Reactors burning MOX fuel are less safe than those burning uranium oxide fuel for two reasons. Firstly, the fact that MOX fuel pellets are constructed from two actinide6 oxides rather than one makes fabrication and quality control considerably more difficult for MOX pellets compared with uranium oxide fuel pellets. Secondly, differences in the properties of plutonium and uranium in the core of a MOX-burning reactor alter the functioning of the reactor with adverse consequences for safety.

Quality Control Problems

Pellets of MOX fuel are prepared at BNFL's MOX Demonstration Facility (MDF) at Sellafield.7 The pellets are placed end to end in sealed tubes filled with the inert (or chemically inactive) gas argon (often also used in electric light bulbs and TV tubes). The resulting fuel rods are held in geometric array by spacers to form a fuel assembly for a nuclear-power reactor.

Quality control of reactor fuel elements is crucial for safety. MOX fuel pellets must be produced to very demanding standards. Linear dimensions, density, bulk composition and homogeneity should all be assured to within very narrow limits. A lapse in any one of these parameters could result in a reactor accident. Radioactivity could be released into reactor buildings, and accidents even on the scale of Three Mile Island or Chernobyl cannot be ruled out. Defective pellets may also lead to distortions in fuel rods which require a great deal of time and money to rectify.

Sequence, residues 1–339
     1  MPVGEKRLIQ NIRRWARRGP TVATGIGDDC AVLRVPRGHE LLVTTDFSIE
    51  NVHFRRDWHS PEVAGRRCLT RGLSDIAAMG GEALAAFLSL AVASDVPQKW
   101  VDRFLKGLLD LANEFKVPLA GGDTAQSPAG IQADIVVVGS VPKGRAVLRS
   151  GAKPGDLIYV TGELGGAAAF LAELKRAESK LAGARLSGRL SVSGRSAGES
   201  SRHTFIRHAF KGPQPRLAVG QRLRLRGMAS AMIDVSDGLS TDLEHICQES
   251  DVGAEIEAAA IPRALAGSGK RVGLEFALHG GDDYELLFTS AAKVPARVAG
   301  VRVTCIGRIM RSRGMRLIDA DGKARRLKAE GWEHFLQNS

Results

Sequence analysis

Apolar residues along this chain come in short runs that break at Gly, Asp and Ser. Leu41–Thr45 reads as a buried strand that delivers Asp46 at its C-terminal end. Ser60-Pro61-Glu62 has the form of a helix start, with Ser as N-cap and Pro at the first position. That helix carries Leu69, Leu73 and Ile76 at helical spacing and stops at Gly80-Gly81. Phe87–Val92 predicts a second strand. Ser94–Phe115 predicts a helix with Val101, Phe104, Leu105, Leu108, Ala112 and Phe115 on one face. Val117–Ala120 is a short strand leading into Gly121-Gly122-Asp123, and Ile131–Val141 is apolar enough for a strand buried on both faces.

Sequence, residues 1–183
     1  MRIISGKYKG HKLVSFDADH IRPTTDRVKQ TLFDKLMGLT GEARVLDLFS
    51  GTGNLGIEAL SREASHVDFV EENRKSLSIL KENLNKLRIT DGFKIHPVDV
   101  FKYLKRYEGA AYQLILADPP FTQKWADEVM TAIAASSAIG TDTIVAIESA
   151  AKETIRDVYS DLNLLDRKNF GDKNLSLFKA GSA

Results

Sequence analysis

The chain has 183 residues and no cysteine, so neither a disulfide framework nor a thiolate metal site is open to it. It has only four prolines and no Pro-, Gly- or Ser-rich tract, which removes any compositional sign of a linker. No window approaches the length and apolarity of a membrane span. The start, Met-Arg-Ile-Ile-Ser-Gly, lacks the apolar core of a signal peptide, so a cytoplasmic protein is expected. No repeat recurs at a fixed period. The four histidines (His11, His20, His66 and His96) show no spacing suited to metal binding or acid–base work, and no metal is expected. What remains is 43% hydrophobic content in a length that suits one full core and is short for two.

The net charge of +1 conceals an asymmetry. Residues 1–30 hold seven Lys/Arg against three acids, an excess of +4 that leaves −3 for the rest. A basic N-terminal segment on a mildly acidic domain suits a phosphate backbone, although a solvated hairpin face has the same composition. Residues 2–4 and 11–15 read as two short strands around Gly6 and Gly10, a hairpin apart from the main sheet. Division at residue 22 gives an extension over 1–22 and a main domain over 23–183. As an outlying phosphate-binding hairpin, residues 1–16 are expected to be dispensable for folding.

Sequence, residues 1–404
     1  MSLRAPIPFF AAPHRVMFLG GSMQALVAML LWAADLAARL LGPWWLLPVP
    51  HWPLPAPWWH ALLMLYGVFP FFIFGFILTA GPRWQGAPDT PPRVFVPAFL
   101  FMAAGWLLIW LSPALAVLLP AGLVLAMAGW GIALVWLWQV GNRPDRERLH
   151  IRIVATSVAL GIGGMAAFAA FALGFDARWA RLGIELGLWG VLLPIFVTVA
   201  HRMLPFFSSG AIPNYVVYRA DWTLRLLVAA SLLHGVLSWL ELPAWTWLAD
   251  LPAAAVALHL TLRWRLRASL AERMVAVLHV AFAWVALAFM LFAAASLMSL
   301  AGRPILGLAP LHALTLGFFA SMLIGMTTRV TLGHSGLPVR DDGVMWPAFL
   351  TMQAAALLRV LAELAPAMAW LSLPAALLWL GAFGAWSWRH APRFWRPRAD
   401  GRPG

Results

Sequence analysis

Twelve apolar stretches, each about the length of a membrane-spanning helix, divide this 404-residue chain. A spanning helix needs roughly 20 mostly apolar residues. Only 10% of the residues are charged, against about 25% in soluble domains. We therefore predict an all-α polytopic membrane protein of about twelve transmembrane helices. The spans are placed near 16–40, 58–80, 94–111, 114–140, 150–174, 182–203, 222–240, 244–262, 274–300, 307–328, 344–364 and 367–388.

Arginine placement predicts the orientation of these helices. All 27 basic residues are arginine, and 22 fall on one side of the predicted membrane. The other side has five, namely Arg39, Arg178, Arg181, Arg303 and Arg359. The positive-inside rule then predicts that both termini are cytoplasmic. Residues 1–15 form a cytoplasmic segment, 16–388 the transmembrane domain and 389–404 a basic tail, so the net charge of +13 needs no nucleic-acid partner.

Recent revelations of lapses in quality assurance procedures, including the falsification by forgery of inspection data at the British MOX Demonstration Facility (MDF) are of considerable concern.8 But these lapses represent only part of the problem of assuring the quality of MOX fuel. The quality control procedures themselves are at fault, not just their implementation. The very nature of the fuel pellets and the way they are made precludes adequate quality assurance procedures from being implemented economically.